Arun Ghosh: A Very British-Asian Jazz Head-Space

Ian Patterson By

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The long form of A South Asian Suite allowed Ghosh to explore new compositional techniques: "The suite gave me the opportunity to do something I've never really done on record before, which was to do those Indian alap-style intros where you move from one piece to another by almost evoking what you are about to play. The segues connect pieces but also give listeners a bit of breathing space and move you from the delicacy of "River Song" to "Sufi Stomp," so going from Bangladesh to Pakistan, from rivers and fishermen and a naturalistic spirituality to something that's much more devotional and rhythm and chants based. We needed to lead people that way and that's where the segues come in."

Form and structure are key components of A South Asian Suite but so too is the spirit of freedom that pervades the suite: "Improvisation is central to what we do," says Ghosh, "for the lyricism it brings and for the energy it injects into a piece. It's not the [saxophonists] Sonny Rollins or the John Coltrane approach where you play and become more and more expansive. People had a set amount of time to play, two choruses then bang we're moving on. I love the fact that everyone has a limited amount of time to say everything they want to say and take it to the next place."

Key soloists on A South Asian Suite are alto saxophonist Chris Williams and tenor saxophonist Idris Rahman, who also plays clarinet and flute. The three-reed front-line originally developed from a line-up put together by Ghosh's manager/producer Chrys Chijiutomi; Ghosh, Shabaka Hutchings and Idris Rahman combined to powerful effect on Primal Odyssey: "It worked brilliantly," says Ghosh. "I think a three-horn line is so effective because moving beyond two you've suddenly got a section. You can have real power in terms of unison melody and parallel melodies. So often in standard jazz, from bebop onwards you wouldn't have horns accompanying other horns; the soloist would play and the other horn would sit out. Even on Kind of Blue the textures you get on "All Blues" where horns are accompanying each other on the intro and the outro is quite rare on the rest of the album—it doesn't really happen."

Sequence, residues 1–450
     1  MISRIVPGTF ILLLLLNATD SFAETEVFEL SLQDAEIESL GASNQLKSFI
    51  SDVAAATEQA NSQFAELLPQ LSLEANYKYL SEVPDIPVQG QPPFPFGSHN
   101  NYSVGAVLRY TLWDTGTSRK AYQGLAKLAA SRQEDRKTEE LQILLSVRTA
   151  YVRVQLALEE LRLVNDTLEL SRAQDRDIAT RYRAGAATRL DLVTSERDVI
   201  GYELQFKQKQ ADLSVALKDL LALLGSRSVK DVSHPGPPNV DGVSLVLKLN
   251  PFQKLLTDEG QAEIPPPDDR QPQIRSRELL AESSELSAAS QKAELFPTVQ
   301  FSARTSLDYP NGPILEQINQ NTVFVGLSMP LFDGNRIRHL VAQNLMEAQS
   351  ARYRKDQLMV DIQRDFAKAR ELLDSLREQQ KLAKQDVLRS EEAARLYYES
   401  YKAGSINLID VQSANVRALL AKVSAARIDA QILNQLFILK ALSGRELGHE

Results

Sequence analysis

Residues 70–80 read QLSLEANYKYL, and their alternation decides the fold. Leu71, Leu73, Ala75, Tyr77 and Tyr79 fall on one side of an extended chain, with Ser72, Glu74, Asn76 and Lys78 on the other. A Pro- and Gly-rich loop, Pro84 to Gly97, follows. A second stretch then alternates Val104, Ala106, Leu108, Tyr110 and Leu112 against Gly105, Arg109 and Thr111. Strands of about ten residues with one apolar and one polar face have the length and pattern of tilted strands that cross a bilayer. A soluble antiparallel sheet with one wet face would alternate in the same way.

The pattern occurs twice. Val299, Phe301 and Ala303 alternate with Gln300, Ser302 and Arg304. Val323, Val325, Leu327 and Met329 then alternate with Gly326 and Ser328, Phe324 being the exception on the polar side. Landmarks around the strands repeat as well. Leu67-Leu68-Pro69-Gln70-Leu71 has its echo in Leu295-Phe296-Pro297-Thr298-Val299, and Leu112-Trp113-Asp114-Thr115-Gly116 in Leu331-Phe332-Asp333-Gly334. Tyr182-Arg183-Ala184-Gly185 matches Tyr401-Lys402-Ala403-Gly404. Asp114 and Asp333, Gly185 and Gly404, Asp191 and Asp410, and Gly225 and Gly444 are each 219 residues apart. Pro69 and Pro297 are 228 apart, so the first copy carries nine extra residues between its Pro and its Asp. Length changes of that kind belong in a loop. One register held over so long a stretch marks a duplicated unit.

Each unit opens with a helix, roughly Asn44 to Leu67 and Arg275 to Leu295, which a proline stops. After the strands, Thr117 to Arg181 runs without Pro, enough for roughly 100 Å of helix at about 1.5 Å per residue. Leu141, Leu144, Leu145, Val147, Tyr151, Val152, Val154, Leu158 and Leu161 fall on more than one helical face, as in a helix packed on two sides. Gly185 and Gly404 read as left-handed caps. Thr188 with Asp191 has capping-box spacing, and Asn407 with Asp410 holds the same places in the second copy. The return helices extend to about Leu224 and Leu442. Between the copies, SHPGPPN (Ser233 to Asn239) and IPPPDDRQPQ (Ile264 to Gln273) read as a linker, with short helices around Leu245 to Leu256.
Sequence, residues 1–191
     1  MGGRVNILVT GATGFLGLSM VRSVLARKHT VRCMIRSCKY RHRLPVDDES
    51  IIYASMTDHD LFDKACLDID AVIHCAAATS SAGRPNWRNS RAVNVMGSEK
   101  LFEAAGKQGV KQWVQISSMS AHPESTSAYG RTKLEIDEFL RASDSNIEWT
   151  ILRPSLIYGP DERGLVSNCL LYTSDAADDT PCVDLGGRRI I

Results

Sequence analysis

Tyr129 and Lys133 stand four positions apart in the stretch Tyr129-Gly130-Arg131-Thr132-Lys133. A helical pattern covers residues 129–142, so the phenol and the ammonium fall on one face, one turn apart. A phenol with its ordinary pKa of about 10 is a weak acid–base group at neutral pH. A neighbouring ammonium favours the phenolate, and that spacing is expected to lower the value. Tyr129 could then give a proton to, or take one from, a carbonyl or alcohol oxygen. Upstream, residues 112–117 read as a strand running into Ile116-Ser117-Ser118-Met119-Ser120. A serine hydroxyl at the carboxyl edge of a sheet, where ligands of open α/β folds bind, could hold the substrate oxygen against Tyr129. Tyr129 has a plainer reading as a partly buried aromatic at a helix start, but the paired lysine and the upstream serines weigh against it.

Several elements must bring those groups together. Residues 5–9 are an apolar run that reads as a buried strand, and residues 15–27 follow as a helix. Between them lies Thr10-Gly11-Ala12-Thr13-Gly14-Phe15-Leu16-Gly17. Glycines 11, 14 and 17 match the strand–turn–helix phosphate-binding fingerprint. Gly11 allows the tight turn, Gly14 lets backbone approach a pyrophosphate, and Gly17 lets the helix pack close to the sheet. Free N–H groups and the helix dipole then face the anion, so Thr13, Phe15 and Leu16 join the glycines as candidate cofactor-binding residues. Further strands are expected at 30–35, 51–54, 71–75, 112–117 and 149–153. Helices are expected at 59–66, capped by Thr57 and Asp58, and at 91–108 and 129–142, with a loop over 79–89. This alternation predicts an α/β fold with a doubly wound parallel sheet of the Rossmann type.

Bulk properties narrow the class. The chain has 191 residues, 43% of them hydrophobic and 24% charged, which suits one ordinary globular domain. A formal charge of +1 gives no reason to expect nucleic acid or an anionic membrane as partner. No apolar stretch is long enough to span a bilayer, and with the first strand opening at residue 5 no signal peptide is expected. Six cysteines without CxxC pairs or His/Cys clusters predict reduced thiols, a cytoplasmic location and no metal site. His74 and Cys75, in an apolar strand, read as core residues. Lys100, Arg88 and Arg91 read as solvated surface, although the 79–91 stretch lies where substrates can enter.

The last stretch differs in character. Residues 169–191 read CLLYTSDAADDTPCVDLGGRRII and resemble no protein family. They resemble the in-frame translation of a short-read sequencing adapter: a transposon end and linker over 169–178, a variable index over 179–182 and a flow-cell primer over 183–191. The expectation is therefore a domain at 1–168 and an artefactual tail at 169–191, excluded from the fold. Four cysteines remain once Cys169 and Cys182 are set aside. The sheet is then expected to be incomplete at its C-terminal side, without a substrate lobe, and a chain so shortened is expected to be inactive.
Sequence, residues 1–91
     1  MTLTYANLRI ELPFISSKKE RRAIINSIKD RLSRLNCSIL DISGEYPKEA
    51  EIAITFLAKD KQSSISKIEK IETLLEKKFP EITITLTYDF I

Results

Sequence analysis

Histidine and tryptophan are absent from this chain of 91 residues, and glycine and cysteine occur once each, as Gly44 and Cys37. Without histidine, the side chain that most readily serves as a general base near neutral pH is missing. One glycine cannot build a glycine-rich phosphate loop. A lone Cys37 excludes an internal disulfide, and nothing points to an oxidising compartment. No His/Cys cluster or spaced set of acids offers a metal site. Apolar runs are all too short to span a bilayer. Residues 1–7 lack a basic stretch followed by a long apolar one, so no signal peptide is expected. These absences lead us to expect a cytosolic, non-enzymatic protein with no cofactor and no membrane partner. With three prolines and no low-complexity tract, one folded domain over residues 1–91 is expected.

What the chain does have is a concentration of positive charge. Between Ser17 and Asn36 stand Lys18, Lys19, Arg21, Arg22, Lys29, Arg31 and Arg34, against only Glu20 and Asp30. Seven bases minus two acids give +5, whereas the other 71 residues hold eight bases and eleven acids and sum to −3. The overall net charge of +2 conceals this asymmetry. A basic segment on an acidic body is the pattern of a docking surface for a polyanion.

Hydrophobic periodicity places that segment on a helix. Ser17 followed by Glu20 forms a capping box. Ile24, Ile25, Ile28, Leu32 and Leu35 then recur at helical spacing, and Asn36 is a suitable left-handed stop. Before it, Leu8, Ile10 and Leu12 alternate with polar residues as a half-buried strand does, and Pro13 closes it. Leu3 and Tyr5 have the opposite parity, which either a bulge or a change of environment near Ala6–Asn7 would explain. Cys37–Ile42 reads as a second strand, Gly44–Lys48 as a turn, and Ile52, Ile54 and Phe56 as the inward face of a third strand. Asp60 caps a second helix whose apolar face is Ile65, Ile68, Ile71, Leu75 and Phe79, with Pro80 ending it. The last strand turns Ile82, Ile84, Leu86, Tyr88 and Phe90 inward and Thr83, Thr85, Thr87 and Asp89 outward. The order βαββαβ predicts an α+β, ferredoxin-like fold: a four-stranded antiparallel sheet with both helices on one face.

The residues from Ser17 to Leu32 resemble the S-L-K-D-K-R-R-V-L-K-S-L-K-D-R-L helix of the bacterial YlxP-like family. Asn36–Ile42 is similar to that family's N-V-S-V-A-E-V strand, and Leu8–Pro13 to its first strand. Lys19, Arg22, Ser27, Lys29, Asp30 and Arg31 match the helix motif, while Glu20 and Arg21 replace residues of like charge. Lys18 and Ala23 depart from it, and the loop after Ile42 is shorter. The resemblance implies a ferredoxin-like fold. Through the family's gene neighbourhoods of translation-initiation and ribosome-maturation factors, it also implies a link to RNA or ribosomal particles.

Ghosh talks of the influence of the old New Orleans jazz sound in his approach to using horns but his main influence came from Indian music: "It was modeled on [shenai player] Bisbillah Khan's ensemble. He had two other guys who doubled the melodies, who sometimes did little bits of improvisation and provided a drone sound. Then he had two percussionists with a dholak and a tabla. I basically thought of my three-horn front-line with bass and drums as a parallel of that."

Rahman, Williams—who plays in Led Bib—and Ghosh combine beautifully on A South Asian Suite: "I think we balance really well," Ghosh says. "The combination of clarinet, alto and tenor is great for a start, but their approach to horn playing is pretty radical in lots of ways; they tap into their influences, whether it's [singer] Fela Kuti, tradition, or whether it's [saxophonists] Ornette Coleman—all of this stuff comes together and the collective sound is really strong and inspiring. There's a real joy to supporting each other."

Ghosh's route into jazz began at a formative age: "I came to the clarinet when I was 12 and the instrument just felt totally right," he recalls. "I remember [saxophonist] Courtney Pine playing on the TV in the late 1980s. It was a Free Nelson Mandela concert. I think Courtney had just put out his second album [Destiny's Song (Antilles, 1988)]. My Mum bought me that and I really kind of ate it up. I'm glad that was my first jazz album because of the energy behind it and the sort of modal stuff he was into around that time."

Growing up in Bolton, just ten miles from Manchester to first generation Indian parents, Ghosh was exposed to quite diverse musical influences, all of which have shaped his musical philosophy and performance style. Like many kids his introduction to music was through the recorder at school and straightaway he felt a connection: "That was really clear," acknowledges Ghosh. "I made up my own music and improvised. I played tunes for people. I played pop stuff I heard on the radio for my friends and on the other hand [Rabindanath] Tagore songs, Bengali folk songs or film songs that aunties and uncles would teach me and ask me to play."

This introduction to performance in informal settings was key to Ghosh's musical development: "From the beginning I was very much into music as a culture of communication," says Ghosh. "I'm really pleased that happened, more so than any instrumental lessons I might have had, or not had. The fact that I was encouraged to play for people is central to who I am and what I'm about."




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